FOXWORTHY: Exactly. I was getting a paycheck.
BECK: So hang on. You didn't always want to be a comedian.
FOXWORTHY: Well, you know, it's funny. When you talk to the people I grew up with, nobody is surprised that this is what I do. Because I think I was — I knew from an early age I could make people laugh. I just didn't know you could get paid for it.
BECK: So what did you —
FOXWORTHY: The best note I ever got backstage — the first time I played the Fox Theater in Atlanta, somebody brought me a note and it was from my high school principal. And it said, "I cannot believe I'm shelling out money to hear the same kind of stuff I used to try to put a stop to." I framed it. It's in my office.
BECK: That's great stuff. We'll be back with Jeff Foxworthy. The name of the book — great for Father's Day — is "How to Really Stink at Work." I mean, like I need to read it? Do you watch this show? Back with Jeff Foxworthy in a second.
(BEGIN VIDEO CLIP)
(CHEERS AND APPLAUSE)
FOXWORTHY: You're like a redneck "Idol" to me at this point.
(END VIDEO CLIP)
BECK: That's Joey Chestnut from the FOX TV show "Are You Smarter Than a Fifth Grader?" It begins airing again Friday, July 3 at 8 p.m. Eastern and Pacific. An all-new half-hour version of the show is going to be syndicated five days a week starting this fall.
Jeff, you're a machine.
FOXWORTHY: Glenn, you're a machine. You do the daily thing. You do the weekend thing. And now you're trying to steal my job and you're out there doing stand-up comedy.
BECK: Oh, yes. That's me stealing your job.
Hey, I want to ask you since you brought that up. The reviews that came out — oh, they were good. They attacked my audience, just as much as me. They attacked the audience like they're just a bunch of stupid idiots that go and — you know, that went and watched me.
And you know, I don't know. I didn't talk to them. I'm sure you know I'm kidding. Do they attack your audience as well? Because I know you're just — you know, you're just a hick. You've got no talent, too.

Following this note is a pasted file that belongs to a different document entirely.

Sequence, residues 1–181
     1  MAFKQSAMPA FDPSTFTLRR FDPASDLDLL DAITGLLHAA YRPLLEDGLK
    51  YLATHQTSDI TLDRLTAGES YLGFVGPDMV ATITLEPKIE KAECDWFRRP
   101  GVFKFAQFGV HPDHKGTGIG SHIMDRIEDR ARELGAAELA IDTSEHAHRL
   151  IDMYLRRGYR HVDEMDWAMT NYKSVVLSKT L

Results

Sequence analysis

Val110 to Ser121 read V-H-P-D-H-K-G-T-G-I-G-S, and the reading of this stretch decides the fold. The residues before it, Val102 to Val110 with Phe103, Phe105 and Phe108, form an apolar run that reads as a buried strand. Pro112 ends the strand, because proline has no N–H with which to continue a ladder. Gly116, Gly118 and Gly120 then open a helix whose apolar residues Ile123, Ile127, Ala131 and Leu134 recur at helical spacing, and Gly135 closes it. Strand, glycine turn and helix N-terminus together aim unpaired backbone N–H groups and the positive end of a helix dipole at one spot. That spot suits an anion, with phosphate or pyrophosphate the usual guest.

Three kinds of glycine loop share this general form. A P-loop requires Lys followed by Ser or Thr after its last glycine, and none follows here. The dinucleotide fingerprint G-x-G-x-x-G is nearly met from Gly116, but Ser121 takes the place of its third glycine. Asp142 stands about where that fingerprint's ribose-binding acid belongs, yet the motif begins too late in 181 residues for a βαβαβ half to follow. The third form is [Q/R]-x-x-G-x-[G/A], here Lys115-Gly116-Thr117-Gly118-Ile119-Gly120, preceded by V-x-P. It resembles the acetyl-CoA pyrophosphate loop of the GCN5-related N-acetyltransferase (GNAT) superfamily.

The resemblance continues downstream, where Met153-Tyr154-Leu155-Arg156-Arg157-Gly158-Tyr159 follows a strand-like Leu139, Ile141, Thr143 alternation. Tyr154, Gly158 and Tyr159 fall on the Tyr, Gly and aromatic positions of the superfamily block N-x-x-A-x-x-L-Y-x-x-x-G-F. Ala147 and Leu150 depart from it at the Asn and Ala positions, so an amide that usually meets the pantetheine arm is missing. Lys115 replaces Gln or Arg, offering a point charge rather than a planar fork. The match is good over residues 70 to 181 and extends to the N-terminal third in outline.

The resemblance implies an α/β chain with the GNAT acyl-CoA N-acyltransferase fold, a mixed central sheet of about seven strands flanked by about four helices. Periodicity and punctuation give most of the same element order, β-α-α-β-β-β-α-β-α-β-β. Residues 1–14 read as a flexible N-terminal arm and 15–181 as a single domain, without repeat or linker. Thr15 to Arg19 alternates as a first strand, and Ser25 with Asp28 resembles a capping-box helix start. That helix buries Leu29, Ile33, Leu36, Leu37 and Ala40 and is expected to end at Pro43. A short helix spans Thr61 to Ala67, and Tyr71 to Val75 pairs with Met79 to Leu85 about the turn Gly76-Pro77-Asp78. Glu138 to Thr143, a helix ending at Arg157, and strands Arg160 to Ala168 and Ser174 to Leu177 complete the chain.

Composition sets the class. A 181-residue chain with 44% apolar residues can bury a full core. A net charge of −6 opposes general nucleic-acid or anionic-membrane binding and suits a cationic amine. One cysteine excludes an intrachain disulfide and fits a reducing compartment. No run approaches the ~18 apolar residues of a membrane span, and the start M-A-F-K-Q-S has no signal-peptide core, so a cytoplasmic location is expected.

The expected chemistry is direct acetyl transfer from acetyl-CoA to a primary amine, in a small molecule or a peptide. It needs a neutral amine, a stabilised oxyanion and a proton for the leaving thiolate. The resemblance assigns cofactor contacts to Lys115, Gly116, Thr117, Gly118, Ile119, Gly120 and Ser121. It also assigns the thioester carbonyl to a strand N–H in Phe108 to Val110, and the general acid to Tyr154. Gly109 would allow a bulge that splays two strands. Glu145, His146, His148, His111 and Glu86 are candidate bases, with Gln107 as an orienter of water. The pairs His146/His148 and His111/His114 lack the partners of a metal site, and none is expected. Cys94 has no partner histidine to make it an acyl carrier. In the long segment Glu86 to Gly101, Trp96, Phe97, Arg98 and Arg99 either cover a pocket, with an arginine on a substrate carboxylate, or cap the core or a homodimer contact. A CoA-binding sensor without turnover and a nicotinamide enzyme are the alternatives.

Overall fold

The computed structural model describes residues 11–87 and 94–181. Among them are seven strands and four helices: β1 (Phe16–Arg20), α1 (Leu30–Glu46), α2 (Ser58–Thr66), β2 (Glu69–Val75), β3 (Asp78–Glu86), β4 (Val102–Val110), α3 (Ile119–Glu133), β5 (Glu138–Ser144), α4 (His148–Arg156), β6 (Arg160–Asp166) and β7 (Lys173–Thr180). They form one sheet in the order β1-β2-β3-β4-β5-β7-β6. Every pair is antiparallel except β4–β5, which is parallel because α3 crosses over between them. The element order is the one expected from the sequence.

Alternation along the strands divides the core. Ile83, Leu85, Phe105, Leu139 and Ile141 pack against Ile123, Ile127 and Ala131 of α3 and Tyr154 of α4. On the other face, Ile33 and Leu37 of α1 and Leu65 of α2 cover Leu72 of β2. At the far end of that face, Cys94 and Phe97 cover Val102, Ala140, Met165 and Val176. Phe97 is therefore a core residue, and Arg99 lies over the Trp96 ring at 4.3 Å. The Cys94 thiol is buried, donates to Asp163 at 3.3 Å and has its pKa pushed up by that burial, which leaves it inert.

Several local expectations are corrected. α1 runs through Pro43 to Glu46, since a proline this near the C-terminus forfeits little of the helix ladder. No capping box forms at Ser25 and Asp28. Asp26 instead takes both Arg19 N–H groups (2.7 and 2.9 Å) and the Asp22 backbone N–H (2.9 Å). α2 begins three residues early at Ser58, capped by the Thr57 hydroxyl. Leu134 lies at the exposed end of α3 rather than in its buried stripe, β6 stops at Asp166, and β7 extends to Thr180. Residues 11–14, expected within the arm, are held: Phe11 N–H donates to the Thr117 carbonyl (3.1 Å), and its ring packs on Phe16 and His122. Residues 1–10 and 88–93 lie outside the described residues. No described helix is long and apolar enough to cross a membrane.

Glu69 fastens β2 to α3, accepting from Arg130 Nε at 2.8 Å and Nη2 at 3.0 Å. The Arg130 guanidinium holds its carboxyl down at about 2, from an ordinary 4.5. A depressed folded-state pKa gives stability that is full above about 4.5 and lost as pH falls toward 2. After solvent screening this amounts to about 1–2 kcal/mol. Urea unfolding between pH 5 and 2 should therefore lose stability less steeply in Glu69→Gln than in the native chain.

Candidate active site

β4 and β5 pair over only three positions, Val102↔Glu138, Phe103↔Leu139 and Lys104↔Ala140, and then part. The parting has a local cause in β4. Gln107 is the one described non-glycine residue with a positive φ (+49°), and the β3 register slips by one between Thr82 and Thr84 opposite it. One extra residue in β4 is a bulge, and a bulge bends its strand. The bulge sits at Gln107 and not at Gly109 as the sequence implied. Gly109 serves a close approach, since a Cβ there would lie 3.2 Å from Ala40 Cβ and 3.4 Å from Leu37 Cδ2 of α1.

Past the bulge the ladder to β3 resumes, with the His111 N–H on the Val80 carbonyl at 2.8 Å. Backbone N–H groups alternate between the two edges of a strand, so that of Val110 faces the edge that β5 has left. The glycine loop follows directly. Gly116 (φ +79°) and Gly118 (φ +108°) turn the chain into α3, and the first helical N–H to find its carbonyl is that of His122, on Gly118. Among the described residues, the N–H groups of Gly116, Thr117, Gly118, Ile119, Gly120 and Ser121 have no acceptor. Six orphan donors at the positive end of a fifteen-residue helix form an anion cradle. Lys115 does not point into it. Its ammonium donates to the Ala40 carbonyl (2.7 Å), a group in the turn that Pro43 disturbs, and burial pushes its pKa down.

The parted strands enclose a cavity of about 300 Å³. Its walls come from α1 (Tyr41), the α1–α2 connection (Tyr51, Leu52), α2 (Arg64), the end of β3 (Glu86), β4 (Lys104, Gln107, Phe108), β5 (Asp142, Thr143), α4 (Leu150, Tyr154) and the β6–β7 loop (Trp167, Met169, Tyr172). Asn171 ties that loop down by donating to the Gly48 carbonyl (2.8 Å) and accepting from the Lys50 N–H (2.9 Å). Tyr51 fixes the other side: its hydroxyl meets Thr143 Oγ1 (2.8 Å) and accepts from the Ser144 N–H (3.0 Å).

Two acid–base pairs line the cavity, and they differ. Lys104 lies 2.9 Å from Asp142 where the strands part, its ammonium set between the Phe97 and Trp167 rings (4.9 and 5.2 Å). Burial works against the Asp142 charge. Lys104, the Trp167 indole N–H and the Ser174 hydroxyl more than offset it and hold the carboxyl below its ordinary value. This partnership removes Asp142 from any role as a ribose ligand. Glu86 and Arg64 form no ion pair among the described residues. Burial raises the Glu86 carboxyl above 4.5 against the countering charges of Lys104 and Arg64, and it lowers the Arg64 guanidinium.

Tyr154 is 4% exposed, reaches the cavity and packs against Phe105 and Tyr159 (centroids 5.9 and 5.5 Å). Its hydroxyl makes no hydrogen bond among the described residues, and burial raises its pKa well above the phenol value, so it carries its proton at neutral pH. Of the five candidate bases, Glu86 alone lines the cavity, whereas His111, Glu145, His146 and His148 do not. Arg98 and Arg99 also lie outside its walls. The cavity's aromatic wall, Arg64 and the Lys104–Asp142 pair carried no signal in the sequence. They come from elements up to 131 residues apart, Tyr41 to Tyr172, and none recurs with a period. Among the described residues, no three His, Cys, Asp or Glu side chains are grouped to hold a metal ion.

FOXWORTHY: Oh, yes. Well, your first mistake was you read your reviews. But we caught the same thing on the "Blue Collar" tour. I mean, you know, for the few negative reviews we got, they were making fun of the people in the audience.
And you know, I guess the great thing about this country is you have — everybody can have an opinion, and you certainly don't have to agree with them.
BECK: Let me ask you this. Stay on comedy with me for a second.
FOXWORTHY: All right.
BECK: The David Letterman thing — I mean, I don't want a joke czar, you know. It was a bad joke. A stupid joke. He apologized for it. I think Sarah Palin won in this thing. And I think we need to stay off of people's families. I don't care if it is left, right — I don't care who the person is. We don't make fun of their families.
FOXWORTHY: Yes, I agree with you. And I think Letterman went back. I mean, the mistake was that Dave probably should have thrown that joke out in rehearsal that day. Because I'm a comedian but I have teenaged daughters. I joke about a 30-year-old guy having sex with a teenager — whether it is 14 or 15 or 18 — it's not funny.
But the bottom line or the key to it is forgiveness. When you apologize, people have to forgive you.